- Exclusions: The Secretary of Labor has the authority to issue regulations to exclude certain health care providers and emergency responders from the definition of “eligible employee” and to exempt small businesses (defined as having fewer than 50 employees) if the leave would jeopardize the viability of the business. Employers also may exclude employees who are health care providers or emergency responders from this emergency FMLA entitlement. Employers with fewer than 50 employees will not be subject to liability in a private right of action by employees for failing to permit leave because of a qualifying need related to a public health emergency.
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Emergency Paid Sick Leave Act. (EPSLA) Employers with fewer than 500 employees must provide 14 days of paid sick time to employees for the following uses:
- To self-isolate due to a federal, state, or local quarantine or isolation order related to COVID-19.
- To self-isolate on advice of a health care provider because of COVID-19.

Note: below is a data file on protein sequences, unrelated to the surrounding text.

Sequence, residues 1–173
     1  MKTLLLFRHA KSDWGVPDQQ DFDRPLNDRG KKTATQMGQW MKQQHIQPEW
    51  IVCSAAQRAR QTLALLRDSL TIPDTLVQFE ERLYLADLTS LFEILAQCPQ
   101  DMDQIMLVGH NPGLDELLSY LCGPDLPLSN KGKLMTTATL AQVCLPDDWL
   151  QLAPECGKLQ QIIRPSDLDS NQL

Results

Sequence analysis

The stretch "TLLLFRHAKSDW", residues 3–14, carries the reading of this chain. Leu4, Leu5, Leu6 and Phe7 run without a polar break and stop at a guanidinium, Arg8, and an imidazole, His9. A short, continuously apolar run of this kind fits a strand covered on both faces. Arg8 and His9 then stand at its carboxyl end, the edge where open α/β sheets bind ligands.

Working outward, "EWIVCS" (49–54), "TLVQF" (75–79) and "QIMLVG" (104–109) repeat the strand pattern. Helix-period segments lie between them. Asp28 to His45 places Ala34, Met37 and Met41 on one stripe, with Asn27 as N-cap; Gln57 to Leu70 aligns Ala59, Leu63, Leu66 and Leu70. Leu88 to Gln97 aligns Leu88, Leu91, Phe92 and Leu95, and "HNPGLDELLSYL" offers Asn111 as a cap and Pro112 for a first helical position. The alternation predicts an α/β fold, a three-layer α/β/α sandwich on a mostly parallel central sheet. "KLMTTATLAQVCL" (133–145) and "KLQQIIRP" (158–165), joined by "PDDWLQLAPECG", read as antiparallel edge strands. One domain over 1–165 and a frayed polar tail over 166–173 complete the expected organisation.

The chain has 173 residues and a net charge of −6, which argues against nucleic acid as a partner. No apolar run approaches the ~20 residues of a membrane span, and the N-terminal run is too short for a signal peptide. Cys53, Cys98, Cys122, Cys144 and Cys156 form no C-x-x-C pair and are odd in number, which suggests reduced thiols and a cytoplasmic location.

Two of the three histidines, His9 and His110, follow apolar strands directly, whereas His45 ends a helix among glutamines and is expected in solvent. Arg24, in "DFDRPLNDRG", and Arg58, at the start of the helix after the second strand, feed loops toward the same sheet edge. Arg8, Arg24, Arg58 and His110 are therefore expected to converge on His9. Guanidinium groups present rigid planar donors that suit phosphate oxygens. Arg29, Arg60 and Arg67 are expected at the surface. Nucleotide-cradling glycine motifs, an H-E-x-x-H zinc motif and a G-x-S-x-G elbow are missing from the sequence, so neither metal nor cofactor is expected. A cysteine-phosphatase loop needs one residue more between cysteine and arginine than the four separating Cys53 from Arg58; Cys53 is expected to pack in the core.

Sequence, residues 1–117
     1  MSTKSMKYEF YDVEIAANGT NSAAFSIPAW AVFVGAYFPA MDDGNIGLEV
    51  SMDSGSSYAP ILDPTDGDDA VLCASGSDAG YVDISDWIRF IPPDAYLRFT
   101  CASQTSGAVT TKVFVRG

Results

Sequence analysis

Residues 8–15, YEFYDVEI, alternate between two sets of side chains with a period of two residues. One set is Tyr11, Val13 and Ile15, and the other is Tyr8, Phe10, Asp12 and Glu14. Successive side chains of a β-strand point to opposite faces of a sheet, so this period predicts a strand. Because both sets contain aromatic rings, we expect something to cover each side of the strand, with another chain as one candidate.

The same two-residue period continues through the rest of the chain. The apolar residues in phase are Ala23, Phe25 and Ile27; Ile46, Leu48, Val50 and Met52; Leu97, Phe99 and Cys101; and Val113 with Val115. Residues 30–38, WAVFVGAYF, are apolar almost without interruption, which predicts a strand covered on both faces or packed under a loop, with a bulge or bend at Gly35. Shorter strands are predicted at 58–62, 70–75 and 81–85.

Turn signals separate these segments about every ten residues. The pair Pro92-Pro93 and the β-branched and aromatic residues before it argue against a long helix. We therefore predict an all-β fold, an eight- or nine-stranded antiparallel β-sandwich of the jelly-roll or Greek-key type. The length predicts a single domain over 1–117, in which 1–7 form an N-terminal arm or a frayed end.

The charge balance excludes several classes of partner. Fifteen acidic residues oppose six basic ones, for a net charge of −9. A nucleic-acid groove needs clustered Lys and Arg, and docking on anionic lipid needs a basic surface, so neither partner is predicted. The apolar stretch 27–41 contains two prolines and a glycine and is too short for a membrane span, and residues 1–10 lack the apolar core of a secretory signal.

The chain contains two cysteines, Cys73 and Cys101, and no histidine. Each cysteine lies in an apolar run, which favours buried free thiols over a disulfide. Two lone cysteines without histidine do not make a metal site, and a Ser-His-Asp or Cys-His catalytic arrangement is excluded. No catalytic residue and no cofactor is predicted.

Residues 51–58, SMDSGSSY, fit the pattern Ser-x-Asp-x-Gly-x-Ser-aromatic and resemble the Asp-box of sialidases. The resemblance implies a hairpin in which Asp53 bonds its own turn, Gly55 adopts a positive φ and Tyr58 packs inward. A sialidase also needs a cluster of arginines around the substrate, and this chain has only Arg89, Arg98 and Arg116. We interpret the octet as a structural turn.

- To seek a medical diagnosis due to experiencing symptoms of COVID-19.
- To care for an individual under self-isolation.
- To care for a son or daughter whose school or place of care is closed, or child care provider is unavailable, due to COVID-19 precautions.
- Due to experiencing substantially similar conditions to those specified by the Secretary of Health and Human Services, in consultation with the Secretaries of Labor and Treasury.
Duration: Full-time employees are entitled to 80 hours of paid sick leave, while part-time employees are entitled to a number of hours for paid sick leave equal to the number of hours worked, on average, over a 2-week period.
Amount: The compensation amount is calculated based on the greater of the employee’s regular rate of pay, federal minimum wage, or the state or local minimum wage rate where the employee is employed. However, paid sick leave is capped at $511 per day ($5,110 in the aggregate) when leave is taken for an employee’s own illness or quarantine, and $200 per day ($2,000 in the aggregate) when leave is taken to care for others or due to school closures.